Public health issues orders against three seniors’ homes with COVID-19 outbreaks

·3 min read

Public health says it has found infection control breaches at three seniors’ homes in Hamilton currently in outbreak, and issued compliance orders after recent assessments.

Blackadar Continuing Care Centre, Villa Italia Retirement Residence and St. Elizabeth’s Retirement Residence were all issued orders for “fail(ing) to take or to refrain from taking any action that is specified in the order in respect of a communicable disease.” The orders are issued under Section 22 of the province’s Health Protection and Promotion Act.

At Blackadar Continuing Care Centre in Dundas, public health performed an assessment on Jan. 7, which found: inadequate staff training on the use and “reprocessing” of PPE; inadequate auditing of hand hygiene, PPE, and cleaning; inadequate plan for enhanced cleaning; inadequate resident screening twice daily; and inadequate practices for resident physical distancing.

Public health issued the order on Jan. 8. The facility has been in outbreak since Jan. 3 and had eight cases and one death. No new cases or deaths were reported at the home by the city on Monday.

Public health completed an inspection at Villa Italia Retirement Residence on Dec. 31. It found: inadequate staff training on the use of PPE, specifically a lack of eye protection; inadequate training on donning and doffing PPE, including for agency staff; inadequate hand hygiene and an absence of auditing hand hygiene; inadequate plan for enhanced cleaning; inadequate training on using disinfectant; inadequate signage at the entry to area(s) with cases; inadequate signage for hand hygiene reminders.

Public health issued the order on Jan. 3. The west Hamilton Mountain home has 27 cases and one death in the outbreak since Dec. 23. That’s four new cases as of Jan. 10 at 3 p.m.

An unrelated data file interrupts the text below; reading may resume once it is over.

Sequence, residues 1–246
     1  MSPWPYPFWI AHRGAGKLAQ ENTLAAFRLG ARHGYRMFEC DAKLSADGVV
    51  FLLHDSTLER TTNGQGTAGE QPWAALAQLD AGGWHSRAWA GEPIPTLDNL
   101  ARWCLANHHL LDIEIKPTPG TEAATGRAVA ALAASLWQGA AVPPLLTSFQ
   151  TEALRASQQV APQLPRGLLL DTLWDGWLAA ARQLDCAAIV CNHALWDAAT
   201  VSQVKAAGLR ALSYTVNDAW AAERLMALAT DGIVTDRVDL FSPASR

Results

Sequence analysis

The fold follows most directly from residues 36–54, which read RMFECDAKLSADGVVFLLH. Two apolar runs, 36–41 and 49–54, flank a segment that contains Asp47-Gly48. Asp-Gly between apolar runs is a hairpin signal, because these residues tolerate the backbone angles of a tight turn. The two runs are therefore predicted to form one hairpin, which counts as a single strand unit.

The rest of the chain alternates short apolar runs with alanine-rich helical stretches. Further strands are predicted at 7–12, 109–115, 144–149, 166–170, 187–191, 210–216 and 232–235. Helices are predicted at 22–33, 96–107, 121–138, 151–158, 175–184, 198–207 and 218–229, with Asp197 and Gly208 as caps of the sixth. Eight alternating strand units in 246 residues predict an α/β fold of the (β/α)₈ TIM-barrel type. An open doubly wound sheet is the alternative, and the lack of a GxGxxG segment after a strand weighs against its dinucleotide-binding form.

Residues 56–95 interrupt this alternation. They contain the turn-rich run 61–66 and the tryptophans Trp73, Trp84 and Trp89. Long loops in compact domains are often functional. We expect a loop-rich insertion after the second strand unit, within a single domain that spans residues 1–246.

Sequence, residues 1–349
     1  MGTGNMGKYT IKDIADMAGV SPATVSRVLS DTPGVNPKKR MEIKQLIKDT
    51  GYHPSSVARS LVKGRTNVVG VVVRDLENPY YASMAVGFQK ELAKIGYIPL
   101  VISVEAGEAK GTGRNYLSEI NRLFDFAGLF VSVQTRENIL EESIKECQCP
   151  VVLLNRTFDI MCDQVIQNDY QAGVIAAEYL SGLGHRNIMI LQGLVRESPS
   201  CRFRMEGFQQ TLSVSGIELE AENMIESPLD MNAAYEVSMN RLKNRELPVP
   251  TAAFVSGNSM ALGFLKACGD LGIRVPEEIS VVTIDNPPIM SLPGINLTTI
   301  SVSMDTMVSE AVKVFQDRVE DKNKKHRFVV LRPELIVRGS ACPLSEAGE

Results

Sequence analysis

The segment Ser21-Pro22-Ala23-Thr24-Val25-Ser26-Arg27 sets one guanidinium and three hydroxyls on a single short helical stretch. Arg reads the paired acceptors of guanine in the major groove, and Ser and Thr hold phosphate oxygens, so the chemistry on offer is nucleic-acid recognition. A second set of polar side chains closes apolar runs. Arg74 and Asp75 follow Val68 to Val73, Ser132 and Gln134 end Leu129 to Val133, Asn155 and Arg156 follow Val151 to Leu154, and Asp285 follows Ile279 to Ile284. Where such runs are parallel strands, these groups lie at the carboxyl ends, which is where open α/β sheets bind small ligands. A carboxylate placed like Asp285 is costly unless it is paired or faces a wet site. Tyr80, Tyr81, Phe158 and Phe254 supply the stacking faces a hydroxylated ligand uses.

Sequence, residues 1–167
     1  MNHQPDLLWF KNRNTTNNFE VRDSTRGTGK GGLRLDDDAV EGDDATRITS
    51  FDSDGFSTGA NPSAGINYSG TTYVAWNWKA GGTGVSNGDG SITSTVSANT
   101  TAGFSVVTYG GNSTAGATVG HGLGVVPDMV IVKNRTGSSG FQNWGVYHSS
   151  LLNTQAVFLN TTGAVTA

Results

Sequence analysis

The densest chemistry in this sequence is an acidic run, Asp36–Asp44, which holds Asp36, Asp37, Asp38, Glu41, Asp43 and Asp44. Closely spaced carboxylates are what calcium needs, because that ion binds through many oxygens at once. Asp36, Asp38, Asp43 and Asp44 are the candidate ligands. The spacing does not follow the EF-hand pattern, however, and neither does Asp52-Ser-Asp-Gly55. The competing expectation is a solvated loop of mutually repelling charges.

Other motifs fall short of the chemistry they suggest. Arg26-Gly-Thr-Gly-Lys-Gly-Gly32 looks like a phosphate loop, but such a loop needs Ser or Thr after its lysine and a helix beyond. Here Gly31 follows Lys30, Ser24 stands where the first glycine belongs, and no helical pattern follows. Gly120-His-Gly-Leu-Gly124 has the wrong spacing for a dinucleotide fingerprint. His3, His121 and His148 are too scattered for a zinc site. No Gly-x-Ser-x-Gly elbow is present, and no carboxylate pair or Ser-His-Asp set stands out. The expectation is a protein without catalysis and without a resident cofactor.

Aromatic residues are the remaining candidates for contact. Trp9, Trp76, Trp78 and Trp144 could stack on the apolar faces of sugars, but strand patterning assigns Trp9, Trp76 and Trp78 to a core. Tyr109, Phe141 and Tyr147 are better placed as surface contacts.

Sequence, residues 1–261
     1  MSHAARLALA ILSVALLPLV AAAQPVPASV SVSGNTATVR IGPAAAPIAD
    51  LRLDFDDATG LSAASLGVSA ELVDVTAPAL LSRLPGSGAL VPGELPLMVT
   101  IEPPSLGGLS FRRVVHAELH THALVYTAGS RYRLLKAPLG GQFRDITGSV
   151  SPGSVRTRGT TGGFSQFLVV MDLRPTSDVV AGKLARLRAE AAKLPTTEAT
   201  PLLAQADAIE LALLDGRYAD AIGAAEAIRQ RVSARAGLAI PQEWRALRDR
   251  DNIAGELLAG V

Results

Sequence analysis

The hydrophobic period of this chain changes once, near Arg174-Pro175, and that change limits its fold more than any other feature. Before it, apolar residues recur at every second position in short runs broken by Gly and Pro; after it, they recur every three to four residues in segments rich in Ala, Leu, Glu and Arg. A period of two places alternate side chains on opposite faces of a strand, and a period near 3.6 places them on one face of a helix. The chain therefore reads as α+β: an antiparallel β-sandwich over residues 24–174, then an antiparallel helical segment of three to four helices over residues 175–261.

A public health assessment on Dec. 28 at St. Elizabeth’s Retirement Residence found: inadequate staff training on the use and “reprocessing” of PPE “which would prevent staff from safely providing appropriate care to ill residents”; inadequate training on donning and doffing PPE; inadequate hand hygiene and an absence of hand hygiene auditing; inadequate plan for enhanced cleaning; inadequate training on using disinfectant; and concerns about PPE supplies and storage, hand hygiene, cleaning, and staffing shortages discussed in an outbreak meeting the day of the assessment.

The home on the southwest Mountain has 50 cases and four deaths since the outbreak was declared Dec. 25. The home was given the order on Dec. 29. The home did not report any new cases or deaths on Monday.

The Spectator has reached out to the homes about the orders. Blackadar has told The Spectator they are preparing a response. Homes may appeal the order by requesting a hearing in within 15 days of being served.

“Several of our premises continue to have challenges when it comes to infection prevention and control,” said Dr. Elizabeth Richardson in a media briefing. The medical officer of health noted the problems are in part due to “extraordinarily tight” staffing shortages broadly, which, combined with a large number of outbreaks, pose “a significant challenge.”

She repeated that the outbreaks reflect transmission in the community.

“If we get our numbers down, we can get the numbers of those outbreaks down,” she said. “We’re hopeful too that the vaccination programs will make a difference.”

Maria Iqbal, Local Journalism Initiative Reporter, The Hamilton Spectator